TANVIR GILL: Minister Cormann good morning. Tanvir joining in the discussion. The top story for us this morning is the market sell off, the global market sell off. We had comments coming from Treasury Secretary Steven Mnuchin that even if there is a risk of a second wave the economy cannot afford another shut down. Now he was speaking for the US, but do you think that is the case for the world economy, for Australia as well? In the wake of that big risk becoming a reality, the risk of a second wave?
MATHIAS CORMANN: Another shutdown of the economy would be absolutely devastating. Secretary Mnuchin is absolutely right. That is why it is so important that we do everything we can to avoid a second wave, that we do not take any unnecessary and avoidable risks. In an Australian context what the OECD has told us is that they would expect about $80 billion worth of growth to come off if we had a second wave over two years. $25 billion this year and another $55 billion following year. This is something where all around the world we have got to make the best possible effort to supress the spread and to avoid at any cost a second wave.
TANVIR GILL: And what about best possible efforts in the direction of more economic stimulus being injected into the economy, because we are talking about benchmarks in excess of 15 per cent of GDP. There is talk of another strong package in the US. Is that the way forward, is the Australian Government prepared to do more? And how much more if that becomes a reality, not just a risk of a second wave, but the economic implications that come with it?
MATHIAS CORMANN: In Australia we have already provided about 13.3 per cent of GDP worth of economic stimulus into the economy. We provided one of the most substantial support packages for business, working families and those who lost their jobs, anywhere in the world. We are working our way now through our plans to maximise the strength of the recovery on the other side. The key now is to transition carefully, in an appropriately calibrated fashion out of the transitional, temporary support that is in the economy right now back into a more business as usual circumstance. That is certainly what we will be doing over the next few weeks. Our Budget in October will have a whole range of measures in it across lower taxes, increased investment in infrastructure, increased opportunities for trade and so on and so on, deregulation. We will be having pro-growth agenda rolling out over the next few months to maximise the strength of the recovery.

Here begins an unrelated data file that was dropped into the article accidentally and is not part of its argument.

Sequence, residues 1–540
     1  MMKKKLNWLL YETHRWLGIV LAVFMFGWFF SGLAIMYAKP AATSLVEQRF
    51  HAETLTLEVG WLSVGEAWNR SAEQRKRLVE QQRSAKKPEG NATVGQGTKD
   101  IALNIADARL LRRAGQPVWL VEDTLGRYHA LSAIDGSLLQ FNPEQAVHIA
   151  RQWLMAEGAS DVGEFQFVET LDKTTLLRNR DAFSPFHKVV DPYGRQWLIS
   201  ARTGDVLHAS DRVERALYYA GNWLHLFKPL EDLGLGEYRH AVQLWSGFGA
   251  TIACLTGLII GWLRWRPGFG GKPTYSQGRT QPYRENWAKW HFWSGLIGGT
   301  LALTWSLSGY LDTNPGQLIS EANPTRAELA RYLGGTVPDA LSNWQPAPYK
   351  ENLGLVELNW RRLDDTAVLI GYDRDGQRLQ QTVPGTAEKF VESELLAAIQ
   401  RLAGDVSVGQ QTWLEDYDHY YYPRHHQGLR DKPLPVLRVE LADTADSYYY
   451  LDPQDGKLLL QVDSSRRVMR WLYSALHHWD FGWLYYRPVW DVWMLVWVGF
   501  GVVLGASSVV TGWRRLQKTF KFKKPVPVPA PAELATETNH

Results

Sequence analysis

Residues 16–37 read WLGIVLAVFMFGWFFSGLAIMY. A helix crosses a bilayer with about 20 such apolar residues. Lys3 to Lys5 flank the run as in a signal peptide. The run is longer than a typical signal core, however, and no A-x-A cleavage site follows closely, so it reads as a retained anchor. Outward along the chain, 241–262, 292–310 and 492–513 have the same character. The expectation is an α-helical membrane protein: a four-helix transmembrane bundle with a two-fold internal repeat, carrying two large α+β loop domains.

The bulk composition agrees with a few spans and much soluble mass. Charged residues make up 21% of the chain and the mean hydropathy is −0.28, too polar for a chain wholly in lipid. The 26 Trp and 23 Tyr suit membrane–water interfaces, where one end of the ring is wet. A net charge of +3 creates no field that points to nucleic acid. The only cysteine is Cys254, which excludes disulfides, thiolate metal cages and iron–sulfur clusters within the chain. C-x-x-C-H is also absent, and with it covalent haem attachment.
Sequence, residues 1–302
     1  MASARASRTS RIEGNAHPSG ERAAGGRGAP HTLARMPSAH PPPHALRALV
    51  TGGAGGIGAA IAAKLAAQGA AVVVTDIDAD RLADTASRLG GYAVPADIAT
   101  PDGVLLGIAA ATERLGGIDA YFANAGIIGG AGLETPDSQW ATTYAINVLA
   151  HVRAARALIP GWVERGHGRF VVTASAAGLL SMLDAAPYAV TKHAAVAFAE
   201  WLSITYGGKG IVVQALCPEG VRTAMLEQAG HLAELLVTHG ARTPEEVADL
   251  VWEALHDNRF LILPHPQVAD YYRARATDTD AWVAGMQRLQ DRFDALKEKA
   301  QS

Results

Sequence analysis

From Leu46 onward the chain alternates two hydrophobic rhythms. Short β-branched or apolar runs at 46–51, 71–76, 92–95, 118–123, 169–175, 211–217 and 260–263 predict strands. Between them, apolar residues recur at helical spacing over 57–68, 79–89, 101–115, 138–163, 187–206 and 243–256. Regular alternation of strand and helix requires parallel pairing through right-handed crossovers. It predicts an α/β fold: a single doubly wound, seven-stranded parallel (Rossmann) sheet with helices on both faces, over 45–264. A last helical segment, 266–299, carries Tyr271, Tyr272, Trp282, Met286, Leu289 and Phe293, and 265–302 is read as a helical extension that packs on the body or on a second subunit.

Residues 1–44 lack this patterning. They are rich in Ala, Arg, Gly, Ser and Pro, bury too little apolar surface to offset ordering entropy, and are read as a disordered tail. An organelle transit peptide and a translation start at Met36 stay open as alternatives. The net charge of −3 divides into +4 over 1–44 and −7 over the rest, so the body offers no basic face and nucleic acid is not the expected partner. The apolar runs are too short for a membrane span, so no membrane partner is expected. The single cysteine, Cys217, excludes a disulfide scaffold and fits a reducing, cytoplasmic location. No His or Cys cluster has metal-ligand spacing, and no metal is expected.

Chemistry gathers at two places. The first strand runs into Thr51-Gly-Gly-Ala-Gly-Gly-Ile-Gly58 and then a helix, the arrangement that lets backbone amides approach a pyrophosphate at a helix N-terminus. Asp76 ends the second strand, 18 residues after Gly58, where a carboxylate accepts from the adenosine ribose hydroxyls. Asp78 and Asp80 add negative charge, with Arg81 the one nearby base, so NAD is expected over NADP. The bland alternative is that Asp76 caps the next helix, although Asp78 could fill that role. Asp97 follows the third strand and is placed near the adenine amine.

NANCY HUNGERFORD: Minister, I just wonder what this threat of a second wave outside of Australia and places like the US means for the resumption of international travel. Whether that now looks as though it’s longer down the time horizon and how damaging that could be given the importance to your economy for business travel and for tourism as well.
MATHIAS CORMANN: We have always assumed that international travel will be some way off. In relation to business travel, I suspect that businesses around the world have adapted to the circumstances that we are in. A lot of the business engagement now happens at a digital level. In relation to tourism, yes, it will take some time for international tourists to be able to come back to Australia in the way they did in the past. But we are also in a situation where travellers out of Australia will be restricted in their capacity to travel internationally. There will be a level of substitution domestically in Australia in terms of some of that tourism market. Some areas, like international students, we do believe that there will be capacity to put appropriate risk management processes in place when somebody intends to come to Australia over an extended period. That is a very important export earner for us, the international student market.
NANCY HUNGERFORD: It is indeed. And this comes at a time when many are worried about China’s warnings to students regarding their own presence in Australia. I wonder how much this concerns you and just overall for those who are worried about the tensions between your two countries right now. What can you say to reassure them?